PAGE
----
Loretta Orion, a retired anthropology professor, author of two books, and former French teacher who developed the gardens at the Home, Sweet Home Museum in East Hampton Village, died on July 25 at home in Amagansett. She was 77 and had been in declining health after having been diagnosed with Alzheimer's disease about 10 years ago.
Ms. Orion moved to the East End in 1979 and met Hugh R. King at the Royale Fish restaurant in Amagansett, thereby changing his life, he said.
She was talented in several areas. In addition to the books she wrote, she was also an accomplished etcher, gardener, and seamstress, and, according to Richard Barons, a close friend and colleague of the couple, a "wonderful and inventive cook . . . quick-witted, sharp as a tack, and always smiling . . . the delight at any intimate dinner party."
Ms. Orion was born on Aug. 7, 1944, in Burlington, N.J., to the former Dory Keene. Her biological father left the family when she was very young, and she gave herself the name of the constellation Orion. She graduated from the Ann May School of Nursing and spent 14 years as a nurse at New York Hospital while pursuing a career in the art of etching. She also became a private duty nurse and completed a degree at Adelphi University.
After marrying Mr. King, then a teacher and actor and now the East Hampton Town and Village Historian and Town Crier, Ms. Orion went on to earn a doctorate in anthropology at Stony Brook University and taught for a time at St. John's University, Suffolk County Community College, Southampton College, and Hofstra University. And she taught French at the Springs School for a time.
"She was very aware of the plight of women in history," said Mr. Barons, a former director of the East Hampton Historical Society, "and quick to recognize the role of myth and superstition in the thread of civilization . . . which led her into researching witchcraft and studying how it was used as a way to diminish and even execute smart women. When she met Hugh, who introduced her to Goody Garlick and the Gardiner family, she found a pithy local legend to unravel for us all."
Ms. Orion also could sew, and made vestments from various kinds of fabric to commemorate important "cardinal" points of a woman's life, including a "journey robe" for a Siberian shaman named Savone, whom she found out about while doing her anthropological research. It became a sort of one-act woman's play about Savone, said Mr. King. She turned her research into the Wiccan and neopagan movement into her first book, "Never Again the Burning Times: Paganism Revived."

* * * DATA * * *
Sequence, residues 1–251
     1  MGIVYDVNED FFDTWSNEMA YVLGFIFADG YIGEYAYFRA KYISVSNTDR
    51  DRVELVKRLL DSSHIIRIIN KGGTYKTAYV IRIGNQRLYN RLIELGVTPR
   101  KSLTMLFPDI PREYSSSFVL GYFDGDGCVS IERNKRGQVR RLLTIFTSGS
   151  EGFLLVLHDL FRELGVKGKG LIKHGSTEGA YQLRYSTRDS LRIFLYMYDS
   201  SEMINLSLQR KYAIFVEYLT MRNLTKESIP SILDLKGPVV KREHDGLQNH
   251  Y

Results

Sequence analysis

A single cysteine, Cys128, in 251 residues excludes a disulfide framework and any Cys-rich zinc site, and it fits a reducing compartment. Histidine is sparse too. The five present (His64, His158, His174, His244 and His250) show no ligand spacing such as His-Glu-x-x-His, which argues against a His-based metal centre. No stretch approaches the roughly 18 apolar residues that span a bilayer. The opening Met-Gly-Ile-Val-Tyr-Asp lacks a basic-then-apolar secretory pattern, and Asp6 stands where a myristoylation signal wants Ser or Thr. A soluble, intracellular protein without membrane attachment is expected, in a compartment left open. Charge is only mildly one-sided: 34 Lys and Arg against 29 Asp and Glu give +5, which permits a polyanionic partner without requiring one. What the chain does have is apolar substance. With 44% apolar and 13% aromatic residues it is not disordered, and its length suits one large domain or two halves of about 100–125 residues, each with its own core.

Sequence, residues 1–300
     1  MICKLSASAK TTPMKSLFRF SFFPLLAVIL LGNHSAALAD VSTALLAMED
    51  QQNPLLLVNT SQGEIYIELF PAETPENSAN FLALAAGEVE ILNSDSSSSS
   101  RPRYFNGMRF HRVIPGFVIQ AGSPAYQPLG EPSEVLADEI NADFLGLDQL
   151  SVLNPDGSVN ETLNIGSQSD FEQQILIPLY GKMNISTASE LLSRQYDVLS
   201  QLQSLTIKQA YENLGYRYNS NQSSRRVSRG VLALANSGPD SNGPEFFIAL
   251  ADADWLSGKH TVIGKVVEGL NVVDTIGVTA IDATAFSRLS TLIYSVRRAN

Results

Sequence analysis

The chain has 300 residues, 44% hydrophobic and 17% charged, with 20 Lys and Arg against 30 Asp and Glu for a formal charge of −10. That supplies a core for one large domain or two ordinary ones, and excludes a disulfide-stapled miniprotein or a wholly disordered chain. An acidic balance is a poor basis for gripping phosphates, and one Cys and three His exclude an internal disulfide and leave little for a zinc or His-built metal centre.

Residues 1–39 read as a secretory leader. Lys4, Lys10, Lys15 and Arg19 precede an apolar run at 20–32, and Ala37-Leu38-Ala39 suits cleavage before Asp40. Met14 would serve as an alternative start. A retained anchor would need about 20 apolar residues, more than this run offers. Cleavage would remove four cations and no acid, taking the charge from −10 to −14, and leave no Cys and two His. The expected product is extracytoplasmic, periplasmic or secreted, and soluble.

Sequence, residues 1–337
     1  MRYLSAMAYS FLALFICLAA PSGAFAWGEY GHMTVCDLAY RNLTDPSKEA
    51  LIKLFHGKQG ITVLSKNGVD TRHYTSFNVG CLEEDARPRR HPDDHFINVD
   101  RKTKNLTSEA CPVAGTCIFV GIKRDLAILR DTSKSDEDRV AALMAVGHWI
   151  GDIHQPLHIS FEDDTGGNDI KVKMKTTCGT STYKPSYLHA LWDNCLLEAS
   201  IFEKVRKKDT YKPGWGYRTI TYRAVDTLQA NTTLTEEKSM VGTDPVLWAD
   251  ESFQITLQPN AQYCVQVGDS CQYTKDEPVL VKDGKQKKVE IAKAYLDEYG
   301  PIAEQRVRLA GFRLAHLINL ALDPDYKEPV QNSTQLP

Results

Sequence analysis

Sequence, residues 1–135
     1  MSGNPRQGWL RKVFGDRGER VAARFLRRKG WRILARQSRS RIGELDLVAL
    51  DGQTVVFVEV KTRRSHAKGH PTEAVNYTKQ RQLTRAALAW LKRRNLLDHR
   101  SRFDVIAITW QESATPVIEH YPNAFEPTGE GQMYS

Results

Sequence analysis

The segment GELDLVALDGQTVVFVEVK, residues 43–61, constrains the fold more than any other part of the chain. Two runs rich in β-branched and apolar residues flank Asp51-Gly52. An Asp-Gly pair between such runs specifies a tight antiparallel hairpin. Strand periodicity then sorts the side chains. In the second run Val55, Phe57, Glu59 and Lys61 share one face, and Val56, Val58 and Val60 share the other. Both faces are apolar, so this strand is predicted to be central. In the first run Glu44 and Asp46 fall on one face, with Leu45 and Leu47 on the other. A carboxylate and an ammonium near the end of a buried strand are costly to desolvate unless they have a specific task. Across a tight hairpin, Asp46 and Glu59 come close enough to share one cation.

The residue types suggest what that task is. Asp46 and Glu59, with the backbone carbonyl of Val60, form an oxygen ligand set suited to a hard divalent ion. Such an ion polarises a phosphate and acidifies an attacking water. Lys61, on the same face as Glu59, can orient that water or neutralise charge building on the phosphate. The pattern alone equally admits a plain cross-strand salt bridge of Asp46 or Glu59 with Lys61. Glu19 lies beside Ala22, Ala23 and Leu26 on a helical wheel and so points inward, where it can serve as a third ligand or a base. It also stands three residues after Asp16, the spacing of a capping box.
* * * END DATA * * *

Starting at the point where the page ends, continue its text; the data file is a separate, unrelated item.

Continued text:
Once she learned about Goody Garlick, Ms. Orion was able to amass enough information for her second book, "It Were Well to Please the Devil as Anger Him: Witchcraft in the Founding Days of East Hampton," which was included in the 350th Lecture Series in 1998 celebrating East Hampton's history, as well as in a Historical Society lecture series several years ago.
She also loved the theater and had season tickets for the Hampton Theater Company for years.
Ms. Orion was shy but was also described as being incandescent by friends. And her Colonial Revival border gardens at Home, Sweet Home were "completely painting with flowers," said Mr. Barons. "She loved her gardening and sang the praises of all her helpers. . . . The ghosts of the Bueks must have loved it and now miss it."
In addition to Mr. King, Ms. Orion leaves three stepsisters, Wendy Louden of North Carolina, Dawn Rapciewicz of New Jersey, and Vanessa Spring of Iowa, as well as a niece, Grace Newman of Northport.
"After the job at Springs School, everything good that happened to me happened after I met Loretta," said Mr. King. He wanted to thank her four "wonderful" caregivers, Frances John, Lenore Thomas, Cherise Myrick, and Coleen Curtin. Ms. Orion was cremated. There will be a memorial in late September.